Chris Evans is ready for audiences to see him in a new light.
Nearly a decade after making his first appearance as the noble Steve Rogers in the Marvel Cinematic Universe with the 2011 film Captain America: First Avenger, the actor appeared to put down the shield for good with last summer's epic Avengers: Endgame, the 22nd film in the MCU and Evans' ninth. And now, he, like the few other Avenger actors who saw their MCU road come to its end last year, prepares to do the impossible: Chart a new path outside of the juggernaut that elevated his career to heroic heights.
He made his first stab at reinvention last fall with the clever whodunnit Knives Out from director Rian Johnson. In the hit film, which featured a murderer's row of talent including Jamie Lee Curtis, Toni Collette, Daniel Craig, Don Johnson and more, Evans starred as Ransom Drysdale, the uniquely-named nephew of (and suspect in the murder of) recently deceased Harlan Thrombey (Christopher Plummer), a spoiled trust fund kid who wants for nothing—except maybe a moral compass.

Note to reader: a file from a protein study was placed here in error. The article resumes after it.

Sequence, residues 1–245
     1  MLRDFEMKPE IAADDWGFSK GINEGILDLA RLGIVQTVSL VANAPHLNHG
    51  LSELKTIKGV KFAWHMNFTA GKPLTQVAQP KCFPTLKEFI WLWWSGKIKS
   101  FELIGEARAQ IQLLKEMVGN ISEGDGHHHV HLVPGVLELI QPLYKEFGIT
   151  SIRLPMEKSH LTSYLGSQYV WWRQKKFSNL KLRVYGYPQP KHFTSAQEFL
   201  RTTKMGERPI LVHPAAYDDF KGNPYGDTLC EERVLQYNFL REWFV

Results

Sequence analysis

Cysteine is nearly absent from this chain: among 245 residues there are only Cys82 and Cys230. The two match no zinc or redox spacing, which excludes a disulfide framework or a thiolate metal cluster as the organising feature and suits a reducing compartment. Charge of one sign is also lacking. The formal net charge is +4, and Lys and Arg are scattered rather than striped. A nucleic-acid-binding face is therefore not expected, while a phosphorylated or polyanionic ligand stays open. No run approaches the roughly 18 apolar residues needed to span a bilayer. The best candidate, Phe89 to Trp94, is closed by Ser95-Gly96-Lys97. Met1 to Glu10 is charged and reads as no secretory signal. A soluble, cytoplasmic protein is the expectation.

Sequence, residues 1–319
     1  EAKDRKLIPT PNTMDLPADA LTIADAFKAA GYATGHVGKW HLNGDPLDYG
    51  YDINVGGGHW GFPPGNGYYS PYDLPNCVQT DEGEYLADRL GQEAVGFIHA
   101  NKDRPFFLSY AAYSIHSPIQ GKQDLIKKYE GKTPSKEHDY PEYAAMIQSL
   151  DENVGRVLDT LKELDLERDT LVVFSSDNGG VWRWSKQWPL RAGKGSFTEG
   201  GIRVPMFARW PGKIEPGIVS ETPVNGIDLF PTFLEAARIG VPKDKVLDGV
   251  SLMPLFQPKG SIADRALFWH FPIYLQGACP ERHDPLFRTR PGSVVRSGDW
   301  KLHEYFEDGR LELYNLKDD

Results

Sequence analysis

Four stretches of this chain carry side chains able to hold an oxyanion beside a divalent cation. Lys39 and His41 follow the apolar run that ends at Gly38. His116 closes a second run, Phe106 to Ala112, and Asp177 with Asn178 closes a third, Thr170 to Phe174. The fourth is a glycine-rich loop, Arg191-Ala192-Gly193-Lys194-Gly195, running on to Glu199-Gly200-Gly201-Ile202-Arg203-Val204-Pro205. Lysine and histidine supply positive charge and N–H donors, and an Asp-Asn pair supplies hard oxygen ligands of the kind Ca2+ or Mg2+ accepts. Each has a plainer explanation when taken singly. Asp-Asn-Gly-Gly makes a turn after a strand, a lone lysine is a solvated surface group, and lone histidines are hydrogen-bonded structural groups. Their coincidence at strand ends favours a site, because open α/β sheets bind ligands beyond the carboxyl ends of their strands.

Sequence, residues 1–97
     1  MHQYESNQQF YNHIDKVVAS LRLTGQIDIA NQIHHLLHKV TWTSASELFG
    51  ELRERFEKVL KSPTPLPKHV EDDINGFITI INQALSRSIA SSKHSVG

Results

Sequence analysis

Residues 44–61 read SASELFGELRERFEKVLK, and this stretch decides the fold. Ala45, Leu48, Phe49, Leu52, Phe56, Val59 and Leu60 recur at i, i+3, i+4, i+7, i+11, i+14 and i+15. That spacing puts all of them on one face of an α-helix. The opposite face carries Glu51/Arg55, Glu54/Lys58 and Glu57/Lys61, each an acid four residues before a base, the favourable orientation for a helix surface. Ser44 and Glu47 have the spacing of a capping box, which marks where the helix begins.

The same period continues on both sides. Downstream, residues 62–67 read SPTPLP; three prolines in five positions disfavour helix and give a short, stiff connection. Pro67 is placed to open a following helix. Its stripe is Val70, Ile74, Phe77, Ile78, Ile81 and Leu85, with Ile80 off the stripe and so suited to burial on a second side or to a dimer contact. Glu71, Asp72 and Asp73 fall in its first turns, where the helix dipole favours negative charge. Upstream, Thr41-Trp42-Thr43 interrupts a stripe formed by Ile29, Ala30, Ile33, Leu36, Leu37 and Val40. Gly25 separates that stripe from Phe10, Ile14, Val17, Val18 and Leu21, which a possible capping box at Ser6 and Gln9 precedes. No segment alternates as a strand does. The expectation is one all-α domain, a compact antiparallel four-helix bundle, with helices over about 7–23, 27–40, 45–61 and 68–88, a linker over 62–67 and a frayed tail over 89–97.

"It’s one of those scripts that you burn through—the type of movie that I like a lot and that I don't think gets made often enough," Evans said of Johnson's script in the film's production notes, released by Lionsgate. "I typically play magnanimous good guys and leaders, so this was a fun opportunity to play someone who is just out for himself. It was great to have that chance to stretch."
"It was fun in the wake of his fantastic Marvel arc to play with how the audience perceives Chris," Johnson said of casting the actor. "You get to see more of his range and how great his acting chops are."